Commenting on the arrest of former President Mohamed Nasheed this morning, Shahindha questioned the prioritisation of his case when cases of murder, rape and child abuse awaited trial.

Former Chairman of the MDP Ibrahim ‘Ibra’ Ismail has raised the same issue in a recent blog post, pointing out that there are currently over 2000 cases awaiting prosecution.


PG’s office sends corruption cases back to Auditor General’s office

The Prosecutor General’s office has returned cases against former government ministers forwarded several weeks ago by former Auditor General Ibrahim Naeem.

Naeem claimed that former President Maumoon Abdul Gayoom, together with many of his cabinet ministers and several members of the current government, had failed to declare details of their financial assets as required by the Constitution.

Deputy Prosecutor General Hussain Shameem said the cases was returned to the Auditor General’s Office “because they were not investigated sufficiently.”

Shameem said they should have been “properly investigated” by the Auditor General’s Office before being sent to the PG’s Office.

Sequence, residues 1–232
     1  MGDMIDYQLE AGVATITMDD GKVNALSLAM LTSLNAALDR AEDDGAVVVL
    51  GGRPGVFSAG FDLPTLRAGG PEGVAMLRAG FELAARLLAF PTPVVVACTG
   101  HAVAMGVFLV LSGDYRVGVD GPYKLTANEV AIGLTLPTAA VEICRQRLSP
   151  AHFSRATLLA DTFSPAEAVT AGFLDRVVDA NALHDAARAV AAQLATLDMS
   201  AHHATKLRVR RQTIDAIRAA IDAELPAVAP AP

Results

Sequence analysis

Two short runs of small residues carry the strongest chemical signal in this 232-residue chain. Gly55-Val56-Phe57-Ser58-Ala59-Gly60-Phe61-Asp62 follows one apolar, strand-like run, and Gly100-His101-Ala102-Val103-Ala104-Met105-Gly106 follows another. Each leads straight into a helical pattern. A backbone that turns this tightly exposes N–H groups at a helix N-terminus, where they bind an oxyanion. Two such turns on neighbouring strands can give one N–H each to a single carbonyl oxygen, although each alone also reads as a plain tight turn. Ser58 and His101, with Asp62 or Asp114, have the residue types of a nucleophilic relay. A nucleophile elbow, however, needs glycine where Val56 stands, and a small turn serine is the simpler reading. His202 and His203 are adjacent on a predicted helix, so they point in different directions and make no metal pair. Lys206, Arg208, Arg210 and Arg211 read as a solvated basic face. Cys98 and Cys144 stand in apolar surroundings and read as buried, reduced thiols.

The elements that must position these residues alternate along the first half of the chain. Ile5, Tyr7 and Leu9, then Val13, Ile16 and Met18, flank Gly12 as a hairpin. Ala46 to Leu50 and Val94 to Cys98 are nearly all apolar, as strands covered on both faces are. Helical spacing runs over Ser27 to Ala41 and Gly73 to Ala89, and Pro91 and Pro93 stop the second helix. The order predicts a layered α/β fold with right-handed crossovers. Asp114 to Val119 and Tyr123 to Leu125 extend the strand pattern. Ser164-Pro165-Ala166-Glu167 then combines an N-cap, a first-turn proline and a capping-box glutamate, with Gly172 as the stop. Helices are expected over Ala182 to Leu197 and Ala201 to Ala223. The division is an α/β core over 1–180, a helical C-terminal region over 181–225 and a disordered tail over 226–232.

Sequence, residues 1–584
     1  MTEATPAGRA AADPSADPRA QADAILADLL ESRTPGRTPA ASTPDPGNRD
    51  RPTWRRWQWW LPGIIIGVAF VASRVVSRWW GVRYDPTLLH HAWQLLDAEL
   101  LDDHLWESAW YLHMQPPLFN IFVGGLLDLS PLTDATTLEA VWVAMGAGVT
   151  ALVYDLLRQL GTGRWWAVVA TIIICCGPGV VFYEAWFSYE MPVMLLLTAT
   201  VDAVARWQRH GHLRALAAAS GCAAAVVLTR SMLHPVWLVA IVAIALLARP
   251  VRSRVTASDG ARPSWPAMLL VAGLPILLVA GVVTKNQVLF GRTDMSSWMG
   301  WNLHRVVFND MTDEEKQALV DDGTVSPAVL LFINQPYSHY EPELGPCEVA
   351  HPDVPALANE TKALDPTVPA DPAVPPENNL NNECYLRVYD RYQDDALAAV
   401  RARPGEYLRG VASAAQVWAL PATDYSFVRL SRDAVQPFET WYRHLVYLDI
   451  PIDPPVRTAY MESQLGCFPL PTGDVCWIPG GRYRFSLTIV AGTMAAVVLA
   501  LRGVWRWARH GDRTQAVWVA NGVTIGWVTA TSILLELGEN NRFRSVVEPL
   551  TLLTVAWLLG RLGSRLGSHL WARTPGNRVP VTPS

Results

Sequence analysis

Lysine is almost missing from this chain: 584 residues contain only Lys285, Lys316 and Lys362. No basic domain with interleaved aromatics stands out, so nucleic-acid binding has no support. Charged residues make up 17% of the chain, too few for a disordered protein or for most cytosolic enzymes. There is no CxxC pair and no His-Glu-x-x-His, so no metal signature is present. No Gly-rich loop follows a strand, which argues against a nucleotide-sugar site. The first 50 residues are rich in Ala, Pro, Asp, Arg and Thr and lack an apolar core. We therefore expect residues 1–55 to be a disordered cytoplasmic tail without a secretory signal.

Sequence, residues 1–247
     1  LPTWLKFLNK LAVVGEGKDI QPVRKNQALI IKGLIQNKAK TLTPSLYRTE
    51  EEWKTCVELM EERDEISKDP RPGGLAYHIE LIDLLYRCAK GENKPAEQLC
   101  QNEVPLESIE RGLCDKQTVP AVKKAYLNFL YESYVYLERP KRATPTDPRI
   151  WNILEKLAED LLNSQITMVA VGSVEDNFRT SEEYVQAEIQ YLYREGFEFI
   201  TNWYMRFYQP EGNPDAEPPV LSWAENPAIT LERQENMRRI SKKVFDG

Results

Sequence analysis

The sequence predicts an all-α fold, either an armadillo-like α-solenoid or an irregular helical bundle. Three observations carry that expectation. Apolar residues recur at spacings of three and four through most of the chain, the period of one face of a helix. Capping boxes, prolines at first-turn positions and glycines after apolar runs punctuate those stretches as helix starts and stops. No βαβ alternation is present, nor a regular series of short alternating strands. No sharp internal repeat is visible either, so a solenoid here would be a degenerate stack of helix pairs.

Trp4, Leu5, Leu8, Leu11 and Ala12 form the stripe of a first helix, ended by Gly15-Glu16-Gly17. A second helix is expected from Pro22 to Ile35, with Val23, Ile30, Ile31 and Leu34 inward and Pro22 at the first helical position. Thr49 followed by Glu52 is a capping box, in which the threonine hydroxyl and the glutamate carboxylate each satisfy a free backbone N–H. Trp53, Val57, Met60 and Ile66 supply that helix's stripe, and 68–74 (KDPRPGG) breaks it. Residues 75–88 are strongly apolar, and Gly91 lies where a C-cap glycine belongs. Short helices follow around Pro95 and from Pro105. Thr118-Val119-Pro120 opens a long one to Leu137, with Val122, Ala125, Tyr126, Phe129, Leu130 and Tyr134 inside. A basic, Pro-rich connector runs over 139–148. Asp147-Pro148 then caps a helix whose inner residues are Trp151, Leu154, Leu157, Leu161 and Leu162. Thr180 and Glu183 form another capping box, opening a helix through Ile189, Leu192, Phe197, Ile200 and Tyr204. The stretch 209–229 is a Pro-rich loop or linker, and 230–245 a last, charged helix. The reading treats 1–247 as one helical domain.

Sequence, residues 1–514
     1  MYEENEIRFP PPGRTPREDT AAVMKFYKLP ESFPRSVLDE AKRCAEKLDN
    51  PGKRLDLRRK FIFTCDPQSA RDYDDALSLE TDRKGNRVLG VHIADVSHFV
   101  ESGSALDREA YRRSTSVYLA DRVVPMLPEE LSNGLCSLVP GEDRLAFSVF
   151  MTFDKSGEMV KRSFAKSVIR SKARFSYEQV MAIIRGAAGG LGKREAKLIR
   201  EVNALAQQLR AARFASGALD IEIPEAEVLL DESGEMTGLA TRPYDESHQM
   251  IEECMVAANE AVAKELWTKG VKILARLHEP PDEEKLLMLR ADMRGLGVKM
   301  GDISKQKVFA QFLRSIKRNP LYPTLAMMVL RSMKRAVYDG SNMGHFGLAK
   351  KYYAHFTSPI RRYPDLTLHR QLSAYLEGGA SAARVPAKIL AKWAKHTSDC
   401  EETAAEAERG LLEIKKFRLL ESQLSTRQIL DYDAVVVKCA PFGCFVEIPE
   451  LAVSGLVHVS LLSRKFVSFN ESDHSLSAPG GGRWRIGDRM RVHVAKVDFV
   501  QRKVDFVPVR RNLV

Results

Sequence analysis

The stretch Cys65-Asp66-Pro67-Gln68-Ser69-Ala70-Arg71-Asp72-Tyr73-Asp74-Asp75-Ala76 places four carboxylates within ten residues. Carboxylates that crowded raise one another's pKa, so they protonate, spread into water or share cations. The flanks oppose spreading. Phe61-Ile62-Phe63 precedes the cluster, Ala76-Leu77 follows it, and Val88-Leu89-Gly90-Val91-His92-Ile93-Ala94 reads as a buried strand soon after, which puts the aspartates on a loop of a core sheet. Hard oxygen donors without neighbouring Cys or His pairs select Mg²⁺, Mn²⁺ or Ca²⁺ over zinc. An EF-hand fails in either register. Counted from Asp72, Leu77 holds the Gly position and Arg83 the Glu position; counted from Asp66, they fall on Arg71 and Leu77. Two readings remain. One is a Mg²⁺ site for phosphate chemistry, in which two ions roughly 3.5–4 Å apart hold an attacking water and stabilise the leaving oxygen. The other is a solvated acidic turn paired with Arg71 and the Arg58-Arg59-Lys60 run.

“People who were named in this report were not asked to submit their forms,” Shameem said. “[In addition] they were not informed about the criminal charges. It is unfair they had to hear about it from the media.”

He said the PG’s Office believed “they should be given an opportunity” to declare their assets and to further investigate the claims.

He added that the cases have not been dropped by his office, and “if they are sent back, we will proceed.”

Assistant Executive Director and interim head of the Auditor General’s office Mohamed Hussein said he could not give any information about the case.

Press Secretary for the President’s Office Mohamed Zuhair said the former Auditor General “did not make up this case on his own or without collecting information. He would have sent these cases to the PG after working with a team.”

Zuhair said parliament’s no-confidence decision on Naeem did not mean that the whole Audit office was corrupt.